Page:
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Car disassembly and ergonomics in Sweden: current situation and future perspectives in light of new environmental legislation

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Due to external environmental concern a new European Union (EU) legislation is now increasing the demands on car recycling. The aim of this paper is to present the ergonomics of today's disassembly production systems as well as initiatives and expectations about future systems. This is to provide a basis for development of production systems according to both productivity and workers' musculoskeletal health. Explorative methodologies were utilized. The following results were found: (1) car disassembly today includes two main tasks: dismantling of components to meet environmental demands and dismantling of valuable parts. The latter allows for good business economics for all the investigated companies; (2) performance demands are in general low and resemble a craft-type production, i.e. the work comprises a rich variety of tasks and low time pressure; (3) musculoskeletal disorders seem not to be a significant issue; (4) design for disassembly/recycling is not a significant issue in the manufacturing industry today. Accordingly, communication between dismantlers and design engineers is sporadic. However, in a long-term perspective, the key stakeholders consider such interaction important to obtain more efficient disassembly systems. Due to the EU legislation more non-commercial parts of the car must be disassembled in the future. Thus, rationalization of disassembly systems is anticipated and possible ergonomic implications are discussed.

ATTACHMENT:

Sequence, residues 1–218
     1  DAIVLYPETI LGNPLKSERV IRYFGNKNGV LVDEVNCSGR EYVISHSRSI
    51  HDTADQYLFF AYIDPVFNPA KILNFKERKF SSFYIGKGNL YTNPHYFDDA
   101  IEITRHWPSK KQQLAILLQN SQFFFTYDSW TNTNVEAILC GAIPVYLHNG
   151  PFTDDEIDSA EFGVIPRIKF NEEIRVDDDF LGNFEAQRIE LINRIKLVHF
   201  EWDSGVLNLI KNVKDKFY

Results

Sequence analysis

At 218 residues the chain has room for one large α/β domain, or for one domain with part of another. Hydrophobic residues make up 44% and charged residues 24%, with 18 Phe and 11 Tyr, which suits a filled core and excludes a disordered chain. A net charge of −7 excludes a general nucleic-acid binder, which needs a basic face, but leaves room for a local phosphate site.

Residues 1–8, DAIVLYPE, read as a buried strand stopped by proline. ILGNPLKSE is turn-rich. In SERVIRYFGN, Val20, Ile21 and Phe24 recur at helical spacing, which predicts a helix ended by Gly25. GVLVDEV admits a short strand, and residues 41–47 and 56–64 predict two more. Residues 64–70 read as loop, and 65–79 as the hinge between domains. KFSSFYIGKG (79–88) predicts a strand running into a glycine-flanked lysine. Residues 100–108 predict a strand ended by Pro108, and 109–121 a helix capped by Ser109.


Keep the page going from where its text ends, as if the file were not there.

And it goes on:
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Document Type: Research Article

Affiliations: 1: National Institute for Working Life West National Institute for Working Life West Box 8850 SE-402 72 Gothenburg Sweden 2: Norwegian University of Science and Technology Norway

Publication date: 2004-04-01

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